It is to be noted that ten groups of cut-in relays, only two of which are disclosed, are provided, each having a cut-in relay for each decoder which controls a separate group of multicontact connector relays. For example, the group 1400 is allocated for controlling groups of thousands connector relays having access to the No. 0 thousands group identifying circuit shown fully in Fig. 2 and comprises the cut-in relay 1401 individual to the first decoder 490 for controlling connector relays 1405, etc., other cut-in relays such as 1402 individual to intermediate decoders such as 485 for controlling other groups of such connector relays (not shown) and a cutin relay 1403 individual to the last decoder 480 for controlling connector relays 1406, .etc. One of these cut-in relays is operated when the No. 0 register relay such as 810 of the thousands line group register circuit of the corresponding decoder is operated. Correspondingly the group 1410 is allocated for controlling other groups of thousands connector relays (not shown) having access to the No. 1 thousands group identifying circuit shown schematically by the box 216 of Fig. 2 and comprises a cut-in relay 1411 individual to the first decoder 490, other cut-in relays 1412 individual to intermediate decoders such as 485 and a cut-in relay 1413 individual to the last decoder 480. One of these cut-in relays is operated when the No. 1 register relay such as 801 of the thousands line group register circuit of the corresponding decoder is operated. Eight other similar groups of cut-in relays for controlling thousands connector relays having access to the Nos. 2 to 9 thousands group identifying circuits are provided, the cut-in relays of which are operable in response to the operation of the Nos. 2 to 9 register relays of the thousands line group register circuits of their corresponding decoders.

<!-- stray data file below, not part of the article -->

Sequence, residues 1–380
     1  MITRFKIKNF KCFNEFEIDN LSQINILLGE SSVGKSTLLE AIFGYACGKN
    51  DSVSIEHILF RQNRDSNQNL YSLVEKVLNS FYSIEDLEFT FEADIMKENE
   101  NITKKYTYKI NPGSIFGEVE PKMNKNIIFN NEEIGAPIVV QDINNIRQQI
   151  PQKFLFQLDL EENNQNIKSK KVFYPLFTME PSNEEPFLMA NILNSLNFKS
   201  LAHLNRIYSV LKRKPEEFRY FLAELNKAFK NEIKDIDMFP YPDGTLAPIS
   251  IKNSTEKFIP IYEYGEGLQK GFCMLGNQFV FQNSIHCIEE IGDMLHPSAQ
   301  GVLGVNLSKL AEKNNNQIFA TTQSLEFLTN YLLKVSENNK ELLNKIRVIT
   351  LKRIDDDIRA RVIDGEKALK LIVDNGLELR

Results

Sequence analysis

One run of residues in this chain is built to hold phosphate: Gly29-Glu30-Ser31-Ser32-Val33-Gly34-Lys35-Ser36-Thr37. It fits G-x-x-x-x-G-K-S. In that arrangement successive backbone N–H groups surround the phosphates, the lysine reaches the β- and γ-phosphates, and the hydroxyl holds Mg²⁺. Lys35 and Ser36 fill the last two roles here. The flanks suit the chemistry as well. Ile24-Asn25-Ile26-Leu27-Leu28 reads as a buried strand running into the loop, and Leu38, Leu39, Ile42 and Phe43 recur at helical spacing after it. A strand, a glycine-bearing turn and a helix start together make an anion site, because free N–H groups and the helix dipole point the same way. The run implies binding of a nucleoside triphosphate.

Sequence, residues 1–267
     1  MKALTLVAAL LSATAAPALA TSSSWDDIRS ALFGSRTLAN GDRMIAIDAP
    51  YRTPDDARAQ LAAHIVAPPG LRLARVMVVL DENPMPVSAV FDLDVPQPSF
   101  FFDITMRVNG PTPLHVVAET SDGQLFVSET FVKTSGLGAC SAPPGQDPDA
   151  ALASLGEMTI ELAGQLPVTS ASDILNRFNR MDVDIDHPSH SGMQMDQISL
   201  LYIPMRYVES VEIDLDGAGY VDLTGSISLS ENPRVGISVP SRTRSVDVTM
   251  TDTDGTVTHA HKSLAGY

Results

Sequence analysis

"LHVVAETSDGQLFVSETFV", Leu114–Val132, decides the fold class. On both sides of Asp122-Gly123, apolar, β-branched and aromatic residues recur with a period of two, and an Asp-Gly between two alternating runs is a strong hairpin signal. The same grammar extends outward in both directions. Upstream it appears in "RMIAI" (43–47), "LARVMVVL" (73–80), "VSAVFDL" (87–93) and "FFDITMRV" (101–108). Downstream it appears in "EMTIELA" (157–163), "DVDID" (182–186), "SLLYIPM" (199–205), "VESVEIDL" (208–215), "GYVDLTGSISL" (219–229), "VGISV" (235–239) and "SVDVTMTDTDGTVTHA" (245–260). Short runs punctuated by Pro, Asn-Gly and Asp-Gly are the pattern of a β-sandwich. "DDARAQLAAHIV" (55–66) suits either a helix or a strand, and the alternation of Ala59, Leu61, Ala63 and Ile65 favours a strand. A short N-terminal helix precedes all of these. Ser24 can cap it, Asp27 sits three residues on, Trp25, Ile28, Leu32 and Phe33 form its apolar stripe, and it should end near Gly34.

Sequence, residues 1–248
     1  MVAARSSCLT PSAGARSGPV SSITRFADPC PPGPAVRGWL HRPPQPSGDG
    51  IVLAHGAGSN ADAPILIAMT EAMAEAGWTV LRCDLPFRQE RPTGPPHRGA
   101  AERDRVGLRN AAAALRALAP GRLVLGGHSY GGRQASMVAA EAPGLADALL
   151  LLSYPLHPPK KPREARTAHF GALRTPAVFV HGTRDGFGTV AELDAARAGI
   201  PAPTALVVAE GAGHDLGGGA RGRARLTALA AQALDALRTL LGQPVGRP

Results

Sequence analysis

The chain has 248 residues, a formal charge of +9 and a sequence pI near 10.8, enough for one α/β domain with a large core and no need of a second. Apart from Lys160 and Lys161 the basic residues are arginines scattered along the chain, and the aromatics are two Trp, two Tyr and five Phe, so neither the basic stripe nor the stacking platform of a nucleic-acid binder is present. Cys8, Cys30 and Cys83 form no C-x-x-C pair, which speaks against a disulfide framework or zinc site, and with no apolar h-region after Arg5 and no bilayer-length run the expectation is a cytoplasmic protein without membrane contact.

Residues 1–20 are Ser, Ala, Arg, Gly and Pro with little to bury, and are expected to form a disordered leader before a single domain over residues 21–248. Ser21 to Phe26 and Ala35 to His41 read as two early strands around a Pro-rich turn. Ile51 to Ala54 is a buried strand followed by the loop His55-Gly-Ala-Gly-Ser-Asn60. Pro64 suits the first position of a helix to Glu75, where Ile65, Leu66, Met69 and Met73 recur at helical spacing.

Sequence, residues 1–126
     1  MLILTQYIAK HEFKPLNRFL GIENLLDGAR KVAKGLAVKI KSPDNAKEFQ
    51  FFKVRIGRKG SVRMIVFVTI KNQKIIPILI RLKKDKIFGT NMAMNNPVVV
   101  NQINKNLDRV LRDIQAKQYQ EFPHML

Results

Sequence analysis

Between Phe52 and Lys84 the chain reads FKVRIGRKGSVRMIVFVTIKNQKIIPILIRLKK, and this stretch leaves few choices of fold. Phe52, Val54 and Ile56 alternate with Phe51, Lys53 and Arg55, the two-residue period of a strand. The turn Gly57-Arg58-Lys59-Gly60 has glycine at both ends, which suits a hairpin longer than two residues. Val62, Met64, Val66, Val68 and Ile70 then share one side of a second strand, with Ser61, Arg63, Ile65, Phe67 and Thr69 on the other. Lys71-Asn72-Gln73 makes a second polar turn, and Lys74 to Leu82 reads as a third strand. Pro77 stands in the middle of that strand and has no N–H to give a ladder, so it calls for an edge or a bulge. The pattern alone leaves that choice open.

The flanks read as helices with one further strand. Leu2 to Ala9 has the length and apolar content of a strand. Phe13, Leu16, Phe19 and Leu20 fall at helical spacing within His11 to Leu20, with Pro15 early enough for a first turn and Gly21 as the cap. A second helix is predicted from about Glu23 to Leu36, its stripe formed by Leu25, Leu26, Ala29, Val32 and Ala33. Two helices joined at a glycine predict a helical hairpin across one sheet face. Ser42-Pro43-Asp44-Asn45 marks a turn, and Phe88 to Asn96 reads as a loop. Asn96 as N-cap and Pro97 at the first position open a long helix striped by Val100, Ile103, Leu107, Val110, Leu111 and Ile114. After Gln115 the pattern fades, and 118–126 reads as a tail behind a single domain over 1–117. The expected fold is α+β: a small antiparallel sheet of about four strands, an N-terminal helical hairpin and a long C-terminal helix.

Returning to the operation of connector relay 1405 and the associated relays, of the same group, when such connector relays have all operated, a chain circuit is established from ground over contacts thereof, corresponding to contact 1407 and conductor 225 to battery through the winding of relay 221. Relay 221 upon operating short-circuits the secondary windings of the No. 0 thousands transformer 220 over its inner and next to inner left front contacts to render such windings ineffective and at its remaining front contacts establishes operating circuits to such of the multicontact relays 210 to 214, etc., which have access to the sleeve conductors of line finders having access to subscribers' lines of the No. 0 thousands group. In this case, relays 210 to 213 are operated. Had a group of connector relays having access to another thousands group identifying circuit, such as for example 216, been operated, the relay of such circuit corresponding to relay 221 would have been operated to shortcircuit the secondary windings of the associated thousands transformer and to operate another group of four multicontact relays, for example, relays of the group 214, 215, etc.